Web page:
As Lithuania’s Vilnius’ recent adoption of outdoor hospitality caused speculation as to how UK hospitality businesses could reopen amid the COVID-19 crisis, we explore whether alfresco drinking is a viable option in the not so distant future.
Drinks trends for 2020 have been given something of a shakeup since our pre-COVID 19 speculations. We’ve seen how some bar teams have begun providing high-quality deliveries – a service likely to stay – but the one that might be about to explode is alfresco drinking.
Pubs and bars across the UK took advantage of relaxed Government rules last week, allowing those with the correct license to serve takeaway food and drinks. It was perfect timing for the sunny bank holiday weekend.
You need to be 70%-80% full to make any money
New research suggests we’re itching to start drinking again. According to a poll of 2,000 UK adults by Caterer.com, 31% plan to go to a pub within a week of their opening. What’s certain, though, is that drinking in crowded indoor spaces won’t be an option.
But this, as Allan Gage, owner of London cocktail bar Nine Lives, points out, poses a problem: ‘We’re going to be allowed to reopen, but with a vastly reduced capacity – probably 50%. You need to be 70%-80% full to make any money.’
Premises, then, are likely to stay closed unless they can think of other places to safely accommodate their punters.
Take it outside
Two weeks ago, Imbibe reported that Alan Lorrimer, owner of Piano Works, was busy recruiting operators to support his #UKGrandOutdoorCafé initiative, which aims to turn the UK’s public spaces – from city streets to village greens – into outdoor bars, restaurants, and cafés from now until September.
‘We’re asking the government to give people the chance to re-emerge safely and enjoy a drink in the sunshine, just the same as any major European city,’ said Lorrimer.
He now has over 70 operators onboard – including Barrio Bars and Camm & Hooper – and has sent a requesting open letter to Robert Jenrick, secretary of state for housing, communities & local government. On 17 May, the Sunday Telegraph reported that ministers are ‘considering blanket permission’ to make Lorrimer’s plan a reality.
Amy Lamé, London’s ‘night czar’, wants to know more: ‘By closing their doors, pubs and bars have played their part in tackling this health crisis; they will need support now and in the future. A range of innovations and ideas will need to be considered to help the industry, and I have asked Alan Lorrimer for more details about how his proposal would work in practice.’
Those who already have space outside their licenced premises will be able to proceed without too much fuss
The initiative was inspired by Lithuania’s capital Vilnius, where they’ve given the green light to a similar scheme, effectively turning the city into a ‘giant open-air café’, allowing operators to attract a sufficient number of people to turn a profit, while adhering to social distancing rules.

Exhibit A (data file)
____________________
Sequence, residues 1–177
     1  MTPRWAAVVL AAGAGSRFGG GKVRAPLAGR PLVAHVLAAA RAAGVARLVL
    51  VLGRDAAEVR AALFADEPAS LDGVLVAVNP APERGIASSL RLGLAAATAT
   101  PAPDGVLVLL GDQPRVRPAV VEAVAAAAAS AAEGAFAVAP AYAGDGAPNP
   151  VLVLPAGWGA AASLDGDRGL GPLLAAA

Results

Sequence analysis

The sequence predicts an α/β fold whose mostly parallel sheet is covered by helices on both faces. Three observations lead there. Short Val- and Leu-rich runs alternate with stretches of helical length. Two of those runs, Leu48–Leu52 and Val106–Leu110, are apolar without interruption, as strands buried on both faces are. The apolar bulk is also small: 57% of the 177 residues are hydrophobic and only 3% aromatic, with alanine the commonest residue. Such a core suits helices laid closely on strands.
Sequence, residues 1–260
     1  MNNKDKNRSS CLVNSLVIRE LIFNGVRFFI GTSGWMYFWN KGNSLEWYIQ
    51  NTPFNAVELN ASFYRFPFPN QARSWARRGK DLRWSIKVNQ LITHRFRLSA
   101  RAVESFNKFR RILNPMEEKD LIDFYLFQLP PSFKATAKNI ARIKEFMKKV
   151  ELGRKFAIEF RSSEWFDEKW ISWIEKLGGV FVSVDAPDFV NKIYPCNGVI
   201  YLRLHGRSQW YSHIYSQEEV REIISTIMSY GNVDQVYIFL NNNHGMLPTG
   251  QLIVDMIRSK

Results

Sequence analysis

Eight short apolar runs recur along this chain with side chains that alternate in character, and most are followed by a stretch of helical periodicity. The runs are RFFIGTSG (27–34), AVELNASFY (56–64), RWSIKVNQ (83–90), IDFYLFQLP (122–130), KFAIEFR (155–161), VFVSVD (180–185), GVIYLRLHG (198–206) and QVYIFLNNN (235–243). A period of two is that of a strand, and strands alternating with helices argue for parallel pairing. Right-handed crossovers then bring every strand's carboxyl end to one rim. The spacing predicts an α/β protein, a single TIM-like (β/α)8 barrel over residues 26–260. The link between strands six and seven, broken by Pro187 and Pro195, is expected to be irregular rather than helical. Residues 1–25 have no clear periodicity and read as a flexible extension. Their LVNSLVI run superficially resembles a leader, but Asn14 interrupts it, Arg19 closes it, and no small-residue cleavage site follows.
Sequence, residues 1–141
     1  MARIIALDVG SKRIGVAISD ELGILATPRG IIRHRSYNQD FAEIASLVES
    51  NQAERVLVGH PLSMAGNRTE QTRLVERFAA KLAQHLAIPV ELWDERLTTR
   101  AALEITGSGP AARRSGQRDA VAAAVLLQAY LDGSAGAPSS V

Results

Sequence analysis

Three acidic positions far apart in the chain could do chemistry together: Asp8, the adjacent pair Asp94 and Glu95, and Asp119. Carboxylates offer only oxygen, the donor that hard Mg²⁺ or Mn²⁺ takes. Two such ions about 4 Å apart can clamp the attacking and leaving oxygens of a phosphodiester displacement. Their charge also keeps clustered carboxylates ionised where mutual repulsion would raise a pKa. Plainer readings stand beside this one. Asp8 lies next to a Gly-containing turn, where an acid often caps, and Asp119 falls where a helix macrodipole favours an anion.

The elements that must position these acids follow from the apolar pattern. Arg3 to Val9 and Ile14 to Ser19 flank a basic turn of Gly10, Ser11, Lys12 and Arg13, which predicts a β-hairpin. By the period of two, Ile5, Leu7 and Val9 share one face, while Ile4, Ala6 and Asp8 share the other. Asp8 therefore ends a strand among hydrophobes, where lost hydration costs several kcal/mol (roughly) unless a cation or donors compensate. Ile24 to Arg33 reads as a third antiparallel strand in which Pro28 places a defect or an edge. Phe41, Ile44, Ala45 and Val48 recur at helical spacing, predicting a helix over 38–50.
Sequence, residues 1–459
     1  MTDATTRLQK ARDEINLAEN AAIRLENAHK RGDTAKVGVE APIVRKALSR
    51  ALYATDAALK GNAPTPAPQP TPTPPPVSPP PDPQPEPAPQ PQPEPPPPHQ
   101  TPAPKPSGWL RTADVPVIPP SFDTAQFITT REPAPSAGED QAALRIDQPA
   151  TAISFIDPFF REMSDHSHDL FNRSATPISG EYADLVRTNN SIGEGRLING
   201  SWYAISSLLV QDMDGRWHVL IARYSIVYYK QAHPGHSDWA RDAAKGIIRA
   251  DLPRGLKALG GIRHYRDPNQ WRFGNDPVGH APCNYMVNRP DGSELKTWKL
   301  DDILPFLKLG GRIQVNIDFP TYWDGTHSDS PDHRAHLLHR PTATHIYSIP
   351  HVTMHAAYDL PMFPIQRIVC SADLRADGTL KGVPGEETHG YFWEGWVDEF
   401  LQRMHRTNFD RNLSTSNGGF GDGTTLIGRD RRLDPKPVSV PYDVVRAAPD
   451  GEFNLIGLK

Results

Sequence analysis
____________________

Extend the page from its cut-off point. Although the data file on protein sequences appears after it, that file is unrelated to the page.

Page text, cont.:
Lorrimer has recruited Michael Watson to advise on how to make sure the operators involved stay compliant and respect minimum safety requirements. He’s behind Lorrimer’s idea but concedes that relaxation of all the usual rules ‘will take some doing’. ‘Those who already have space outside their licensed premises will be able to proceed without too much fuss,’ he said. But those without will most likely have to set up a temporary bar. And that’s where things get tricky: accessibility, noise, traffic disruption – the list is long.
Watson feels the best-case scenario would be to create large designated areas with a streamlined application process. ‘What’s been quite clear with corona [virus] is that where there’s a will there’s away. It would be a great boost for public morale,’ he said.
Fingers crossed local councils relax licensing requirements for outdoor eating & drinking – it could save the day for so many in this business
Allan Gage at Nine Lives is crossing his fingers and making tentative plans. The pedestrianized street outside the front of his subterranean cocktail bar is well-placed to host outdoor drinking. ‘The challenge will be to make sure we deliver the tropical atmosphere we’re known for downstairs on a street behind London Bridge station.’
Gage is keen on installing food and drinks trucks – ‘so that nothing permanent has to be built’ – along with a sound system, festoon lighting, and furniture to encourage ‘dwell time’ while keeping capacity under control. ‘Fingers crossed local councils relax licensing requirements for outdoor eating & drinking – it could save the day for so many in this business,’ he says.
Good for service
With respect to the service people can expect, Gage’s mind is fixed on quality, European-style table service. Whether staff will be clad in PPE masks and gloves remains to be seen, though it’s something he’s keen to avoid. ‘There needs to be some sort of innovation so it doesn’t look quite as surgical.’
For ordering, he references the success of Joe & The Juice’s app: ‘It’s such an easy user experience; definitely a route worth considering – having everything ordered and dispensed via simple tech would make the process smooth and safe,’ he said.
All eyes on Robert Jenrick’s next announcement then. And let’s pray for good weather.
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